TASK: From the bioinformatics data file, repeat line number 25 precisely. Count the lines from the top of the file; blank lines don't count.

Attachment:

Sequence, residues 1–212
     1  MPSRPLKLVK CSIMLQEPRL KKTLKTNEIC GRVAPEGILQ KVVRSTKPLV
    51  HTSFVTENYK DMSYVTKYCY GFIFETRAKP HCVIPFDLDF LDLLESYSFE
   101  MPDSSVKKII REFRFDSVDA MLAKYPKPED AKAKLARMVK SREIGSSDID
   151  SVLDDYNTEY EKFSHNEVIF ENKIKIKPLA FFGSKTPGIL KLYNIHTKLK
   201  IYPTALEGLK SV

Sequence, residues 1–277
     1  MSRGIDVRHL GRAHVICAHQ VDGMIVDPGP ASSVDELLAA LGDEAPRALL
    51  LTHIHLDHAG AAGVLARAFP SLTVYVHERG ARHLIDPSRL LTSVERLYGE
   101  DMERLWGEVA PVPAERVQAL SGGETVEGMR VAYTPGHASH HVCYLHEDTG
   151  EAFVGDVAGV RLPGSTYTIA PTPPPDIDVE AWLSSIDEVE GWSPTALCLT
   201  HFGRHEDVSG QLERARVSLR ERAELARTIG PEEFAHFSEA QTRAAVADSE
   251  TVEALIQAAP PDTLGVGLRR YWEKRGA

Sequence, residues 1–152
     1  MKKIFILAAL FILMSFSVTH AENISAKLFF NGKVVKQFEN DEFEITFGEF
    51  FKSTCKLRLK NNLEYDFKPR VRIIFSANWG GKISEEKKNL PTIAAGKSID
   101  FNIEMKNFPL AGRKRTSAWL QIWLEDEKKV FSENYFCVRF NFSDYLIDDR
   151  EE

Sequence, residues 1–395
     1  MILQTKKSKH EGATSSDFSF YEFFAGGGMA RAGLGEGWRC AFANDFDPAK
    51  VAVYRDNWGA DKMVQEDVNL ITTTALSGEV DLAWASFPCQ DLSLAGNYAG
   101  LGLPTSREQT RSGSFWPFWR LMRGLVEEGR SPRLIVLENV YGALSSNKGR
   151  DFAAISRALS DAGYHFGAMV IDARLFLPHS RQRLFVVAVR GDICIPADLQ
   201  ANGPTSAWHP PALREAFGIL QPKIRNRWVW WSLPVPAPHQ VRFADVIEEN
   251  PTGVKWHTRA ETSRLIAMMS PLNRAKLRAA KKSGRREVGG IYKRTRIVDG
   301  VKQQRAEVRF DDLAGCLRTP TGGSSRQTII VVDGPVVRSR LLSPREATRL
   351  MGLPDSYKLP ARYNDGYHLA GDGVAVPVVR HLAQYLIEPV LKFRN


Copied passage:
   251  PTGVKWHTRA ETSRLIAMMS PLNRAKLRAA KKSGRREVGG IYKRTRIVDG